It’s a more challenging environment than it was five years ago. But for companies that want to send themselves into global orbit, emerging markets are still strong launching pads, albeit ones that are becoming more crowded.
As global challengers look to grow in a slower-growth world, however, they will face increasing competition not just from multinationals – their historic adversaries – but also from homegrown rivals. Nearly 1,500 companies based in EMs can be identified that, while not qualifying as global challengers, are still successful, growing companies. These companies – the champions – tend to be smaller than the challengers but still highly profitable and fast-growing. Indeed, from 2005 through 2014, they averaged 18% annual growth and in 2014 had revenues equivalent to six percent of global GDP. While many of them have regional or global ambitions, others are wholly focused on their home market.
Champions are companies to watch over the next 10 years. Like the global challengers, they are concentrated in China and India. But African, Latin American, and Southeast Asian companies are also well represented. The champions have grown faster than the global challengers over the past five years and are more profitable. Given their current growth rates, many champions are likely to become top-10 companies in their industrial sector by 2020. These companies will also be responsible for most of the world’s economic growth through 2025. In other words, within five years, the top-10 lists of many industrial sectors will be populated by several companies that are virtually unknown today outside their home market.
To be sure, the road ahead will be more challenging than the one just traveled. Despite the growing middle class and increasing disposable income in many of these markets, global challengers and champions alike are not immune to macroeconomic forces. They cannot necessarily count on the purchasing power of mature markets to fuel growth or on foreign investors to fund their capital needs. More than $500 billion of net capital flew out of emerging markets in 2015. Commodity players cannot depend on China’s once insatiable appetite for raw materials. They will need to do more than float higher on the tide of an expanding economy. They will need to compete.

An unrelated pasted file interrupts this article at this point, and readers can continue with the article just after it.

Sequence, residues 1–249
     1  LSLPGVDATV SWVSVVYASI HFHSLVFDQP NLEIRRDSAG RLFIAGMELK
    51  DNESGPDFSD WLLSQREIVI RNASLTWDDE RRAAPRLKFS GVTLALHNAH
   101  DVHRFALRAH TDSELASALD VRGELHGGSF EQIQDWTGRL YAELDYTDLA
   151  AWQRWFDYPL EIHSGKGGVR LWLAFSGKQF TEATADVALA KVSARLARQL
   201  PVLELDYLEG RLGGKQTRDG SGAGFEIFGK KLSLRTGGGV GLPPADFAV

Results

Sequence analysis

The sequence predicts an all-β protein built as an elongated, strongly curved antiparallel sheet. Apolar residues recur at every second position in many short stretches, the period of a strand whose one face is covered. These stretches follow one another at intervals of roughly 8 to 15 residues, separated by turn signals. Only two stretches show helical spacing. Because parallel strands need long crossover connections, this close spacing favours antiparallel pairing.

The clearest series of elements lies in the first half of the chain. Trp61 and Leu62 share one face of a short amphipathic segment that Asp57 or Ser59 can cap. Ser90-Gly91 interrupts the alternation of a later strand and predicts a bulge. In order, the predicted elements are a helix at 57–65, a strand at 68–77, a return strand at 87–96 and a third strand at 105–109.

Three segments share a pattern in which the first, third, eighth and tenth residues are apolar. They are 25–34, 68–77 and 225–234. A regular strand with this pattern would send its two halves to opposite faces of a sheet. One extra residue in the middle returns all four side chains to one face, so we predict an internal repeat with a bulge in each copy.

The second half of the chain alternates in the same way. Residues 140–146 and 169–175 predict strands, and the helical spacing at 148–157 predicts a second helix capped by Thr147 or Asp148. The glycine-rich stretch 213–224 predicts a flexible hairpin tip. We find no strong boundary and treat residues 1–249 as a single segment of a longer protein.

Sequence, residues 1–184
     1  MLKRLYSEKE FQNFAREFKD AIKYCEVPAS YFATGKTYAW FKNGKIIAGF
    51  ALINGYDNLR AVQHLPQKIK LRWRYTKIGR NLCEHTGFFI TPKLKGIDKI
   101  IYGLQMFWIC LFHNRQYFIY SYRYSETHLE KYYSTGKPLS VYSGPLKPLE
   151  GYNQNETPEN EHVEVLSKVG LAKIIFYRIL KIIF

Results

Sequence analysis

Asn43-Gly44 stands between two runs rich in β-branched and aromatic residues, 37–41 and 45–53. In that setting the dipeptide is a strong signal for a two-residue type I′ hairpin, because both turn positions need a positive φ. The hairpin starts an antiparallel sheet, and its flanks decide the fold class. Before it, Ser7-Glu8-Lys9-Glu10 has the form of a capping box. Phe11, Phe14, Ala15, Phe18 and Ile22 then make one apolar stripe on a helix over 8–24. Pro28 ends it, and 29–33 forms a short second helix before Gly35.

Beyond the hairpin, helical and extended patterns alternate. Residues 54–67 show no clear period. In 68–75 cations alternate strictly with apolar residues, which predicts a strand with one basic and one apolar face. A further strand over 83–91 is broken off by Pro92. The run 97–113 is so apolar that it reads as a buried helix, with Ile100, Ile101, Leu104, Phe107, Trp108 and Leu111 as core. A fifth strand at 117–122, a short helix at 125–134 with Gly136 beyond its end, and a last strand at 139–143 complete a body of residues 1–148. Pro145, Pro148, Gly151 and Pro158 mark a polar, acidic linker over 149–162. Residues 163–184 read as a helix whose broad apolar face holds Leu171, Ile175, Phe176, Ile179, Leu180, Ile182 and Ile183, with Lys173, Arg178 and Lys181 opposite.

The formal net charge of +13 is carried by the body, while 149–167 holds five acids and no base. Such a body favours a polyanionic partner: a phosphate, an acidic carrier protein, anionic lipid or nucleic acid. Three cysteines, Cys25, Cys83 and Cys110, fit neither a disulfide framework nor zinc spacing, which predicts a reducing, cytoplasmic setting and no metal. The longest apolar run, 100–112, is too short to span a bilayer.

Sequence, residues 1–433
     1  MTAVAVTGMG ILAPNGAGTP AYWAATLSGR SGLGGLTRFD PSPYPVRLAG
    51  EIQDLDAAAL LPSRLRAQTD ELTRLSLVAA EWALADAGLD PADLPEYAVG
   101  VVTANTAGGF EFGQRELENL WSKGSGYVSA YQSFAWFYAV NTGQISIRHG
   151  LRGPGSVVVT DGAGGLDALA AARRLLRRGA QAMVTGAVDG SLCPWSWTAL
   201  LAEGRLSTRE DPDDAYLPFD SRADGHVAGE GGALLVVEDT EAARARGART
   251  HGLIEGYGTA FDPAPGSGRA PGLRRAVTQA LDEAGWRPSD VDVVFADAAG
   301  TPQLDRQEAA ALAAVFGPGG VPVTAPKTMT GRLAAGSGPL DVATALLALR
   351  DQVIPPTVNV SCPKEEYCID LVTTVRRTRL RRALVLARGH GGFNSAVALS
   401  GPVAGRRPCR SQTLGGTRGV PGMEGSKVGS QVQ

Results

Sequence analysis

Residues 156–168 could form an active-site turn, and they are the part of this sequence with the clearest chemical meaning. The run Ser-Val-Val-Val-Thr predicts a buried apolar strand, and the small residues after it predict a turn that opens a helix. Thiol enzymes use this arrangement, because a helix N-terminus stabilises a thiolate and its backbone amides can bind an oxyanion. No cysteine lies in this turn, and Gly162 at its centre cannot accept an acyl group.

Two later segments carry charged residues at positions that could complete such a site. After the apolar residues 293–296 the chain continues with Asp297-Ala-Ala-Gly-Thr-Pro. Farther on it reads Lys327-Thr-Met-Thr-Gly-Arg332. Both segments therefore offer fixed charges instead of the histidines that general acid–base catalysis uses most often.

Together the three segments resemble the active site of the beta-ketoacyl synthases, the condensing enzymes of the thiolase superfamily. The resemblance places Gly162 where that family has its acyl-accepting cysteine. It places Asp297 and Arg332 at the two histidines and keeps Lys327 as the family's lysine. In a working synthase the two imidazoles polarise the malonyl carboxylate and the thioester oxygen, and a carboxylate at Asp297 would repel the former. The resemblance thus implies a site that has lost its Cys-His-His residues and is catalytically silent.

Still, we are bullish on the long-term growth of many of these markets and even more so on the homegrown companies they have produced. Global challengers know how to win in volatile and uncertain times.
These companies are still developing world-class capabilities, although here increasingly they will need to rely on strategic M&A to build their capabilities and reach their goals. Not all of them will be up to these tasks. But if their past is any indication, most of them will continue to be viable companies, and many will become global leaders.
And unlike 10 years ago, when their
primary competitors were multinationals, global challengers today face a
new generation of local competitors. Finally, both the challengers and
their homegrown competitors are vying for a pool of local revenues that
is expanding less quickly, forcing them to seek growth elsewhere. Given
these headwinds, global challengers – and companies that aspire to that
status – must focus equally on growth and competitiveness. We still
expect the overwhelming majority of them to thrive in this new world
order. They are proven winners.
This is an adapted version of the Global Leaders, Challengers, and Champions: The Engines of Emerging Markets report by BCG released in June 2016. BCG published its first list of global challengers 10 years ago to highlight the achievements of companies that were ‘changing the world.’ In this, the 10th anniversary of that inaugural list, BCG looks more broadly at emerging markets and the dynamic companies, encompassing nearly 1,500 firms, they produce.
The BCG team of contributors to the report includes Daniel Azevedo, Vincent Chin, Dinesh Khanna, Eduardo León, Kasey Maggard, Michael Meyer, David C. Michael, Burak Tansan, Peter Ullrich, Sharad Verma, and Jeff Walters.